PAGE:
When I started inspire/mation (the site that housed my blogs previous to this one) I thought I’d aim to join the ‘blogerati’ in writing really clever, informative, edited, and perfectly punctuated articles about information management and content strategy. It seems however that this approach just doesn’t work for me: My last post was published several months ago (September, it seems) and despite having some awesome ideas about what I might write (and even creating drafts with snappy titles), I’ve not written one of them.
But, I was thinking about the conceptual art development process and how it relates to content strategy today and I needed somewhere to get it down. Enter my dormant blog and the gift of blog freedom: Zero to Published in 30 minutes.
It means that instead of being carefully and elegantly conceived, inspire/mation will likely become a stuttering of posts that are short/tall, ugly/gorgeous, stupid and (hopefully) sometimes smart. It’ll be the blog equivalent of the human-race.
So, getting on with my thinking about conceptual art/content strategy:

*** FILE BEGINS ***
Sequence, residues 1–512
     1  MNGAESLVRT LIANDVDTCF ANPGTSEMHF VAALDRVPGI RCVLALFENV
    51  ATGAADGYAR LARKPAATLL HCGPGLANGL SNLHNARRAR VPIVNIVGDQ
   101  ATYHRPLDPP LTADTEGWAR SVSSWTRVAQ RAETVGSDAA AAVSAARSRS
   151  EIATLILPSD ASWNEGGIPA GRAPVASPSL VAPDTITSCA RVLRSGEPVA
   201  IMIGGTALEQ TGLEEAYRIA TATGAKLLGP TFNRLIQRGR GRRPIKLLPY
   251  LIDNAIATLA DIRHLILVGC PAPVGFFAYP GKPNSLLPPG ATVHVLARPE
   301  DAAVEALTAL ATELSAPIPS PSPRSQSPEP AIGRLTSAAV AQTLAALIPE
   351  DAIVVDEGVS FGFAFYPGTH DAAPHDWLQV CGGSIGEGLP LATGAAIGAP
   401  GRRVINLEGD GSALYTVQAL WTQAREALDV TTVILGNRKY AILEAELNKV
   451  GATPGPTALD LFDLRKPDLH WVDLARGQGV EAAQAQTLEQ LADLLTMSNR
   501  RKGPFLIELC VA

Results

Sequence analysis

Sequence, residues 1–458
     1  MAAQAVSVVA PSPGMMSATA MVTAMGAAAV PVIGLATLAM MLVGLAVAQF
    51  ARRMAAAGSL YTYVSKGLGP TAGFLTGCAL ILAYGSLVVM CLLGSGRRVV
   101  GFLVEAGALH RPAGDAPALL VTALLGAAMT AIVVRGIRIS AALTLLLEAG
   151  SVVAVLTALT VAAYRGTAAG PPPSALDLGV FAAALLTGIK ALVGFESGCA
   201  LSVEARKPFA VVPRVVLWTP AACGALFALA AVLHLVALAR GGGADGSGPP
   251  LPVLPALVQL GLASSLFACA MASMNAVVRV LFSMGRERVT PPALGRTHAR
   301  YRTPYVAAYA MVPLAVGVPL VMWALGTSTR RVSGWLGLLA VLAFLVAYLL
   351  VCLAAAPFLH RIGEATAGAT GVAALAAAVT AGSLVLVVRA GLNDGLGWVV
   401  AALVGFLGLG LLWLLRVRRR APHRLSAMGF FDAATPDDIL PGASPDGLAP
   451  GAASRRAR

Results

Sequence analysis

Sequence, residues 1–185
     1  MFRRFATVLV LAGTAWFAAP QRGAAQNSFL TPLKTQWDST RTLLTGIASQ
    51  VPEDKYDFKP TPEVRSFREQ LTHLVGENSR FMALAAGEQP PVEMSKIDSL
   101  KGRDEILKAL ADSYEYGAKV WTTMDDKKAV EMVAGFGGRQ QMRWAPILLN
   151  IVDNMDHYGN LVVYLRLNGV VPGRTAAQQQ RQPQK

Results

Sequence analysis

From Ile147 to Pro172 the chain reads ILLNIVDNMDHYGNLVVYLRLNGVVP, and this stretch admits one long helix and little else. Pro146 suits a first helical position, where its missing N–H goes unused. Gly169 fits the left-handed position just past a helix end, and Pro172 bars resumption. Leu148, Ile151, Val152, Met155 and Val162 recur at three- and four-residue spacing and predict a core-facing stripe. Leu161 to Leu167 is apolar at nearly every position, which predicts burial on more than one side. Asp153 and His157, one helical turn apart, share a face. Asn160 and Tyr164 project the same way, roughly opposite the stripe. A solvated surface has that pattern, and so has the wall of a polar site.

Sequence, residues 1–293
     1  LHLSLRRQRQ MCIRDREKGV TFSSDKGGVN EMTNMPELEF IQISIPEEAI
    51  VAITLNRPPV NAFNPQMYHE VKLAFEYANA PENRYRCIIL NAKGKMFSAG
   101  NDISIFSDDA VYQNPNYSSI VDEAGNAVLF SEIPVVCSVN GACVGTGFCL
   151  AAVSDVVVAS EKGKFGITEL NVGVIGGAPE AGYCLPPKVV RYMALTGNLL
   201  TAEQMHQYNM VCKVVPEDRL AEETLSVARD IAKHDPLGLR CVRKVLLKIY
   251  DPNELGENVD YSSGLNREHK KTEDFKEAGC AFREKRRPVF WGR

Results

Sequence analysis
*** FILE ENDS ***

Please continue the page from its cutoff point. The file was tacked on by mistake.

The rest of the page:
I’m pretty new to content strategy (CS) but the thought processes feel familiar. Like many content strategists, I’ve been working with aspects of CS for years. As a conceptual fine art student, I couldn’t have imagined that creating fabric and wax sculptures, screen prints, and fashionable body bags, would give me some of the tools needed for a job called Content Strategist. Conceptual art is however all about deciding what you want to say, developing those ideas by writing, drawing, discovering, and uncovering them, and pin-pointing and matching messages to chosen materials SO THAT the final work communicates the message in a clear and engaging way – and also has an emotive, activating, or visual appeal (whether beautiful or off-putting).
Getting to know content strategy
As I trawl through the dozens of content strategy blogs and articles on the web, I can’t help but think that many of them are saying the same thing over and over again.
(I have found some excellent blogs by the way, which I’ve started to list in Linkage)
What’s interesting to me about CS is not the definition of the job title or even trying to sell it to the wider web world or it’s clients, but rather the enormously inspiring collation of skills that CS requires. It’s the interchange of technology, words, story and communication that’s got me switched on.
And the fact that, although CS is a fairly new job description, it would seem to thrive on a compilation of skills from various long-settled job descriptions: I’m thinking curator (not an original thought), marketing, advertising, journalist, writer, workflow specialist, storyteller around the camp fire, or an artist, creating ever-changing sculptures – formed by workflow and represented in messages, images, words and digital design.